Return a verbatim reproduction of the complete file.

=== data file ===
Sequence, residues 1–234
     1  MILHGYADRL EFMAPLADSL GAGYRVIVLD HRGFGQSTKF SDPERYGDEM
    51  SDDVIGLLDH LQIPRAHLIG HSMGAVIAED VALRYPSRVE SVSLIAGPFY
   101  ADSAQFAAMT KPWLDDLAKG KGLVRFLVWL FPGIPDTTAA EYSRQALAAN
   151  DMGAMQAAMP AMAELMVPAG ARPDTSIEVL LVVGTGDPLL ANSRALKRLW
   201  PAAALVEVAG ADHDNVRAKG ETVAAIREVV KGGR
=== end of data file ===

Sequence, residues 1–234
     1  MILHGYADRL EFMAPLADSL GAGYRVIVLD HRGFGQSTKF SDPERYGDEM
    51  SDDVIGLLDH LQIPRAHLIG HSMGAVIAED VALRYPSRVE SVSLIAGPFY
   101  ADSAQFAAMT KPWLDDLAKG KGLVRFLVWL FPGIPDTTAA EYSRQALAAN
   151  DMGAMQAAMP AMAELMVPAG ARPDTSIEVL LVVGTGDPLL ANSRALKRLW
   201  PAAALVEVAG ADHDNVRAKG ETVAAIREVV KGGR